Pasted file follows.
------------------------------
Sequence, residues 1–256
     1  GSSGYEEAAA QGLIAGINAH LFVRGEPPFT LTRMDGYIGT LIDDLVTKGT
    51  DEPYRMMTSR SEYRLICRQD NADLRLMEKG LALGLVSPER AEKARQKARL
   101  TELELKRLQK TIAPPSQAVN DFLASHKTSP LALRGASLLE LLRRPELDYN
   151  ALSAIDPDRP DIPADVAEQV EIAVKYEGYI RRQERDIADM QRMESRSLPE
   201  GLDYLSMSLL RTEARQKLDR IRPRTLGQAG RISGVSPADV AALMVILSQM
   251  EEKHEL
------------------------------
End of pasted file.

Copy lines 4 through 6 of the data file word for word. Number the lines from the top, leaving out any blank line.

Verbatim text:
   101  TELELKRLQK TIAPPSQAVN DFLASHKTSP LALRGASLLE LLRRPELDYN
   151  ALSAIDPDRP DIPADVAEQV EIAVKYEGYI RRQERDIADM QRMESRSLPE
   201  GLDYLSMSLL RTEARQKLDR IRPRTLGQAG RISGVSPADV AALMVILSQM